MONOLOGUE AND INNER DIALOGUE - TWO WAYS OF DIALOGICAL SELF USE
Languages of publication
The question of dialogicality is present in psychology since the beginning of twentieth century, however Hermans' conception of dialogical self has recently made it more popular. At the same time Josephs' research suggests that one can distinguish at least two basic form of imaginary contact with a figure that is objectively absent: a monologue addressed to the figure or dialogue with it. Taking that fact into account one can consider whether there are any personality differences between people having inner dialogues versus individuals having only monologues. The groups of respondents having respectively imaginary dialogues (n =63) and monologues (n=31) were asked to describe their own personality traits by the means of NEO PI-R by Costa and McCrae. It was found that people having monologues scored significantly higher in Assertiveness and lower in Self-Consciousness, Fantasy, Aesthetics, Feelings and Openness than people having inner dialogues. Main functions fulfilled by aforesaid types of the imaginary contact are also discussed. It was noted that dialogue more often than monologue is related to: Exploration, Self-guiding, Support and Insight.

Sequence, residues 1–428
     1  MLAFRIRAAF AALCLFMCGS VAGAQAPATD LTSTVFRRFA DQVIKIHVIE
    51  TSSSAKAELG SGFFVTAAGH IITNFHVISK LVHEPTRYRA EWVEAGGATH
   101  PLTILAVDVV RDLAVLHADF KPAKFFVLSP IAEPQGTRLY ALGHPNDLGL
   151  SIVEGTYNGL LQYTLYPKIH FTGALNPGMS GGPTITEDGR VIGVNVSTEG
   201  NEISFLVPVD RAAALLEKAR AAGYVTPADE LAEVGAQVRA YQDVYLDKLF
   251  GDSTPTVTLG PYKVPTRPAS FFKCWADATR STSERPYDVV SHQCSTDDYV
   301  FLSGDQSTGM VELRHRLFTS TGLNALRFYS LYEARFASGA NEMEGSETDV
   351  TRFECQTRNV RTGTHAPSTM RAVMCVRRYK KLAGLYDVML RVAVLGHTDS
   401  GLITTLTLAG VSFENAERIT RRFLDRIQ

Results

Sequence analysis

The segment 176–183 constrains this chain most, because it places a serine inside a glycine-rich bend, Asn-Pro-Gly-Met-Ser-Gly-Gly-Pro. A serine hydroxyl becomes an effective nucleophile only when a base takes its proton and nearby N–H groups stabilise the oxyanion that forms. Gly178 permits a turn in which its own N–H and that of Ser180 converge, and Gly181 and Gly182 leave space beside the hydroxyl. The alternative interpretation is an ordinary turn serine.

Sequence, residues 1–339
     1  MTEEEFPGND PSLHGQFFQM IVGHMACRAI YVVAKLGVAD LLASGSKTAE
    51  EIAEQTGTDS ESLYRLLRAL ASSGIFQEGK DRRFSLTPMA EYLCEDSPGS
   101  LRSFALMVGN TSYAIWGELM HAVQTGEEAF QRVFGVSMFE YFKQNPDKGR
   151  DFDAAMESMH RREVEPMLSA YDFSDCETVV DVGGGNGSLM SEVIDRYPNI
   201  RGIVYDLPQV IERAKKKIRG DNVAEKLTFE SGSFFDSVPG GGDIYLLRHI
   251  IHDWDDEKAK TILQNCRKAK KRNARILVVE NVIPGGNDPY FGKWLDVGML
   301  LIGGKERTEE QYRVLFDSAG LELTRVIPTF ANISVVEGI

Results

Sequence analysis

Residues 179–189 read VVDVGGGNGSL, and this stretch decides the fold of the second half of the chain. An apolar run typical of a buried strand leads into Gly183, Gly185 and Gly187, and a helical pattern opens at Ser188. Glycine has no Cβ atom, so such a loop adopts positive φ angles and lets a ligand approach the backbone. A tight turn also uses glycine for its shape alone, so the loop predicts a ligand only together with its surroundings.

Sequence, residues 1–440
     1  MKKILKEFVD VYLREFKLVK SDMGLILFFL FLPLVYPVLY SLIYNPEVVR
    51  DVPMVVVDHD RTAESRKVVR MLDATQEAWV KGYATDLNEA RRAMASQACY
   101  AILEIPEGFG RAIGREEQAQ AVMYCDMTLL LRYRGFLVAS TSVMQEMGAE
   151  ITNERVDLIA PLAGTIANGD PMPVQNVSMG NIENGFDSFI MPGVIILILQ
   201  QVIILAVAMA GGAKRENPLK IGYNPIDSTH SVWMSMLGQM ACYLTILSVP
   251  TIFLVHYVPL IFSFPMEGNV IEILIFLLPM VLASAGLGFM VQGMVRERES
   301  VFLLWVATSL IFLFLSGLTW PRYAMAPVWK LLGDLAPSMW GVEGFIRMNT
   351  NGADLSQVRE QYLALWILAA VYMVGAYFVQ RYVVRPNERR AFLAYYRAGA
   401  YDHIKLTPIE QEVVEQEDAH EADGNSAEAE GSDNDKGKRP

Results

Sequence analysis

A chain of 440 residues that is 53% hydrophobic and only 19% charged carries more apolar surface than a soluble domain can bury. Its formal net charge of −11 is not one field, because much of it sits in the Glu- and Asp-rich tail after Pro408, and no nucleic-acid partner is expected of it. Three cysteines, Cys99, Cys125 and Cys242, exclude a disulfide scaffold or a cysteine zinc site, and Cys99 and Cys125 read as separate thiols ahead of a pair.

Publication order reference
CEJSH db identifier